McDowell revels in wintry winds
A rasping breeze gusting to 25 miles per hour and a wintry nip in the air gave Portrush man Graeme McDowell a sense of home at Palm Beach Gardens yesterday as he compiled a deeply satisfying two-under-par 68 in the first round of the Honda Classic.
At the best of times, The Champion Course at PGA National is arguably one of the toughest outside of the Majors, yet in yesterday's blustery, cold conditions it played like a real tartar. No surprise, therefore, to see the stroke- average soar to 72.6 by mid-afternoon.
Which makes the bogey-free 65 shot by clubhouse leader Nathan Green look remarkably good. The 34-year-old Australian, who claimed his maiden US Tour victory at last autumn's RBS Canadian Open, could hardly have dreamed of a better start.
McDowell was pretty chuffed with his effort too, especially after he'd bogeyed his first hole, the 508-yard par-four 10th, after his tee shot sailed into a fairway bunker; he then had to scramble smartly for his par at 11.
"When we started out on the back-nine early this morning, it was dark, cold and breezy," he said. "It really felt a bit like home and 10 and 11 were particularly difficult. If you'd offered me two-under as I walked to the 12th tee, I'd have snatched your hand off.
"Though I got off to a slow start and bogeyed 10, I made some nice putts and hung in there on the back nine," added McDowell, who turned in one-over and then picked up three birdies on the way home.
"The front-nine kind of offers up a few chances but this wind was tough. It was very hard to pick (your shot) at times with a lot of them blowing across. It was a tough test.
"It was European-style stuff. The course is in great shape but the rough's not as thick as years gone by. If we had thick rough out there, it'd be an unbelievably difficult test."
McDowell got precious little return for some sparkling golf on the European Tour's Desert Swing and last month's Accenture Match Play but with his putter back in good form, he might be ready to do a little pot-hunting this weekend.
The Ulsterman outscored his playing companion Lee Westwood by one stroke yesterday, while Padraig Harrington could only look on as the other members of his three-ball, Green and Vijay Singh (67) created and converted a series of birdie chances.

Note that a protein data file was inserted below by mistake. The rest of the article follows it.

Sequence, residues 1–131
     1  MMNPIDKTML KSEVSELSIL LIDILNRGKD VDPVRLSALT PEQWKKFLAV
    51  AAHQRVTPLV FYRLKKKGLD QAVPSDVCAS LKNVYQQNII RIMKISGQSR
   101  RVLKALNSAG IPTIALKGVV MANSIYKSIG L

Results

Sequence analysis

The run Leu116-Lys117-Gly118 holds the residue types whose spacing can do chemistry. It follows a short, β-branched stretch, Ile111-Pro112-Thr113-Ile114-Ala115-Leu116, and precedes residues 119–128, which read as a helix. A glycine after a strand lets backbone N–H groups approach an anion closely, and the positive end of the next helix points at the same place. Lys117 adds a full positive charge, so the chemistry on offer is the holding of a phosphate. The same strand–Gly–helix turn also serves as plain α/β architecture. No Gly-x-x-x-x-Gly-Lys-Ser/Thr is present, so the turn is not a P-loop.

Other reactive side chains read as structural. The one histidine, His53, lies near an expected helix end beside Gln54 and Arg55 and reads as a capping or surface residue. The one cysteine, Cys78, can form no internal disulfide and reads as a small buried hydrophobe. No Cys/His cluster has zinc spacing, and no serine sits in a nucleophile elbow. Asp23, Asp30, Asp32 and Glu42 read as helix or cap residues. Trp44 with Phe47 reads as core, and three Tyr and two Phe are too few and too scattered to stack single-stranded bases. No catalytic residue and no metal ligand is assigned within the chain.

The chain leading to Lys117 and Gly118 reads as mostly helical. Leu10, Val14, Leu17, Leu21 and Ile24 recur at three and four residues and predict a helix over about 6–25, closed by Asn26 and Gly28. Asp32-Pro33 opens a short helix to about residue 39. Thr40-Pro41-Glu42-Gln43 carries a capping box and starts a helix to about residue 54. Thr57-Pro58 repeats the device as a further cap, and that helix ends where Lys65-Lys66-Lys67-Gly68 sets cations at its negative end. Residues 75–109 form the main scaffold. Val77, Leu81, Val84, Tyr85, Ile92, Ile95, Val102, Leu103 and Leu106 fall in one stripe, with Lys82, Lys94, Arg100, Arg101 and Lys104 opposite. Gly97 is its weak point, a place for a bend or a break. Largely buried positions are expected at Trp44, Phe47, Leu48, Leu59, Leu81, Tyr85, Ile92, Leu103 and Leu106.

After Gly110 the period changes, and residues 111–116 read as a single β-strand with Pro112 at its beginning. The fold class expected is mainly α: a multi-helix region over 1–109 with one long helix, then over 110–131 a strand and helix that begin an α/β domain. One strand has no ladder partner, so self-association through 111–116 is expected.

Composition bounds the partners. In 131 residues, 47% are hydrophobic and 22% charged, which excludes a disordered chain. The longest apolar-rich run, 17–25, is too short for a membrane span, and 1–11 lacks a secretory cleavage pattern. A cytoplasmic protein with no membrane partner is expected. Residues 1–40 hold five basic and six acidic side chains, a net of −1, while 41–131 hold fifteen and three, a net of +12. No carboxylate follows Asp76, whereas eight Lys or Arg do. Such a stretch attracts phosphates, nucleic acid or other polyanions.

Harrington's suggestion on Tuesday that after just six rounds and 17 holes of competitive golf since last December, he's going to need more time to regain his competitive edge was fully borne out by the first-round 71 which left the Dubliner wallowing in mid-table on one-over.
Not that he played badly. Harrington recovered nicely for a bogey five at 11 after hitting his approach into water, then needed three to get down from the fringe at 16 as he slipped to two-over through seven. He knuckled down thereafter, pulling off a series of good par-saves on five, six and seven before landing his only birdie of the day on his final hole, the 421-yard ninth.
Harrington certainly will benefit if, as one suspects, he plays all four rounds on a course which will demand his full attention.
In an interesting reversal of usual form, Holywood starlet Rory McIlroy struggled to control his tee ball but putted sublimely yesterday. After sinking par-saving putts from 30 feet and six feet respectively on the opening two holes, McIlroy made a nice chip and putt for a birdie four at three.
He dropped his first shot of the day at 14, where he drove into a fairway bunker. McIlroy stumbled to another bogey at the par-three 17th, third hole in the infamous Bear Trap, when he blocked his tee shot slightly and his ball joined 15 others in the water.
He got up and down neatly at the last to save par for a one-over 71.
US PGA champion YE Yang endured a nightmare start to his defence of his title, following up on a bogey at his opening hole, the 10th, with a disastrous quintuple-bogey nine at 11, where he hit two balls in the water and then three-putted from 38 feet.
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